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What That Mandalorian Reveal Means for Star Wars

This has the potential to open up a previously unexplored area of Star Wars lore

Kaitlin Thomas

The first episode of the highly anticipated Star Wars live-action series The Mandalorian debuted on Disney's new streaming service, Disney+, late Monday night, and its surprising ending has the potential to open up a previously unexplored area of Star Wars lore.

Spoilers for the first episode of The Mandalorian follow, and we strongly encourage you to watch it before reading. Proceed at your own risk!

In the pilot, which runs at a brisk 40 minutes, the show's masked leading man, known only as The Mandalorian (Game of Thrones' Pedro Pascal), is a talented bounty hunter dispatched by the mysterious Client (Werner Herzog), a man who clearly has ties to the Galactic Empire given his Stormtrooper guard, to retrieve a secretive and potentially dangerous package -- one that isn't tracked the usual way. Instead of the typical bounty information, the Mandalorian is given just a tracker and an age range: 50 years old. What Mando finds at the end of the episode -- after a shootout involving a number of adversaries in which he is assisted by a bounty droid known as IG-11 (voiced by Taika Waititi) -- is a small cradle-like container, and inside what looks to be a baby Yoda.

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Mando is confused at first because he was told the asset was 50 years old. But IG-11 reminds him that species age differently before trying to terminate the asset, a clue that the droid was sent by someone who likely is not the Client -- although the Client didn't really care if the child lived or died, his associate, Dr. Pershing (Omid Abtahi), wanted it alive, likely to study it.

​The Mandalorian

The Mandalorian


And speaking of the little green creature with pointed ears: Despite appearances, this is not baby Yoda. The Mandalorian takes place approximately five years after the events of the original Star Wars trilogy, during which Yoda was said to be somewhere around 900 years old. More importantly, he died during Return of the Jediand appears as a Force ghost in the most recent trilogy of films. So it's definitely not Yoda. But that doesn't mean this isn't a major moment in Star Wars history or that the baby won't play a role in future Star Wars endeavors.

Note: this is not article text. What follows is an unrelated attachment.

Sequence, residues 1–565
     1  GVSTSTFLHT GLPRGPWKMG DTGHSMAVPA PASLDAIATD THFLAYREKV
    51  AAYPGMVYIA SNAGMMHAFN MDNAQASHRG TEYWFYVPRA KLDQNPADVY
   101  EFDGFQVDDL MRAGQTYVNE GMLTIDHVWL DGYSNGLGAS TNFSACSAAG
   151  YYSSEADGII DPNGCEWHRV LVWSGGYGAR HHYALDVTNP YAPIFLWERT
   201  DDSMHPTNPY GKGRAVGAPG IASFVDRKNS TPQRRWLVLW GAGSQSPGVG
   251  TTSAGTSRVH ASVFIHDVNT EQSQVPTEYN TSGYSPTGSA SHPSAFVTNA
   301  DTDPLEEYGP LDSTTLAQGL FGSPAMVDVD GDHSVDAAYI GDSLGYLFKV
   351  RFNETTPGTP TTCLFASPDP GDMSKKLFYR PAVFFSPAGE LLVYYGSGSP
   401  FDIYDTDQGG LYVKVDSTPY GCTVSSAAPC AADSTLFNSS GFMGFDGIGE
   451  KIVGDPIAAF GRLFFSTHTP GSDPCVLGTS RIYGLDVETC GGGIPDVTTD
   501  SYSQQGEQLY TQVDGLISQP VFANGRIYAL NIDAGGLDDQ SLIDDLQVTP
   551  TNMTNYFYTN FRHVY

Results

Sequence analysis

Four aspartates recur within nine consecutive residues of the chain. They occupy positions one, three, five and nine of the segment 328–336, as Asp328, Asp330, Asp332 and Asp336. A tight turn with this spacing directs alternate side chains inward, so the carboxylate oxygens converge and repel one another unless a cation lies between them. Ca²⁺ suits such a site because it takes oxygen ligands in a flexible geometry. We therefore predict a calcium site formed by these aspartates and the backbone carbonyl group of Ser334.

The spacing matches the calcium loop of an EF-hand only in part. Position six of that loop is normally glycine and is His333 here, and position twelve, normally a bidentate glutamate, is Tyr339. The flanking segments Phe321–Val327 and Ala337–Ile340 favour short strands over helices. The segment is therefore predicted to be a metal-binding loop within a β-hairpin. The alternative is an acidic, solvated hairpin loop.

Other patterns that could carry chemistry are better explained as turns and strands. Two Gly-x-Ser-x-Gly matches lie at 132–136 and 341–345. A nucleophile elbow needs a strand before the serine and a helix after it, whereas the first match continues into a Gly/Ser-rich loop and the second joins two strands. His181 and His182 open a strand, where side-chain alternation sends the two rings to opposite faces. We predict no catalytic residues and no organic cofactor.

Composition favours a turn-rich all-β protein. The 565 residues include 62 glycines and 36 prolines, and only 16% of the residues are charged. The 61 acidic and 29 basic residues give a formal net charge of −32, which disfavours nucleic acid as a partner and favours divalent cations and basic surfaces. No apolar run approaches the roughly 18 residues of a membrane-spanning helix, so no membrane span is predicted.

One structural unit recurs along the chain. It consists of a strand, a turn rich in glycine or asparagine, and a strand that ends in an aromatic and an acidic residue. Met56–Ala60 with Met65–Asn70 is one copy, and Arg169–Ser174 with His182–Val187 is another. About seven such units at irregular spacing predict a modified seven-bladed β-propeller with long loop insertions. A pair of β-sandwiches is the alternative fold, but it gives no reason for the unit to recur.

George Lucas never revealed much information about Yoda's species. We really only know that they age slowly and live a very long time. In fact, only one other member of his species appears in the Star Wars films: Yaddle, in the prequel trilogy. She died in the book the Star Wars: Jedi Quest: The Shadow Trap, so she's long gone by this point too. This new baby could potentially mean that we're finally going to dig into the species' origins for the very first time.

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We should also consider that this is the last child of Yoda's entire species. It might explain why its existence has folks putting bounties on its head and/or why it was being heavily guarded. Or, given Yoda's own abilities, the child could be a strong Force user, which could explain why the Empire is so eager to get its hands on the baby. We also have to think about how this character might connect to future Star Wars films and TV shows. Will the young baby be old enough to appear in December's The Rise of Skywalker? It seems unlikely, but you never know.

Truthfully, what this creature's existence means is anyone's guess at this point, but it's clearly very important. The episode ends with the Mandalorian, who never takes his helmet off during the first episode, shooting IG-11 in order to take the baby alive. The story will likely play out across the show's first season, but we'll have to wait for Friday, when the second episode of The Mandalorian is released, to find out what happens next.

New episodes of The Mandalorian are released Fridays at 12:01 am PT on Disney+. Find out more about the streaming service or look at our picks for the best shows and movies to watch on launch day.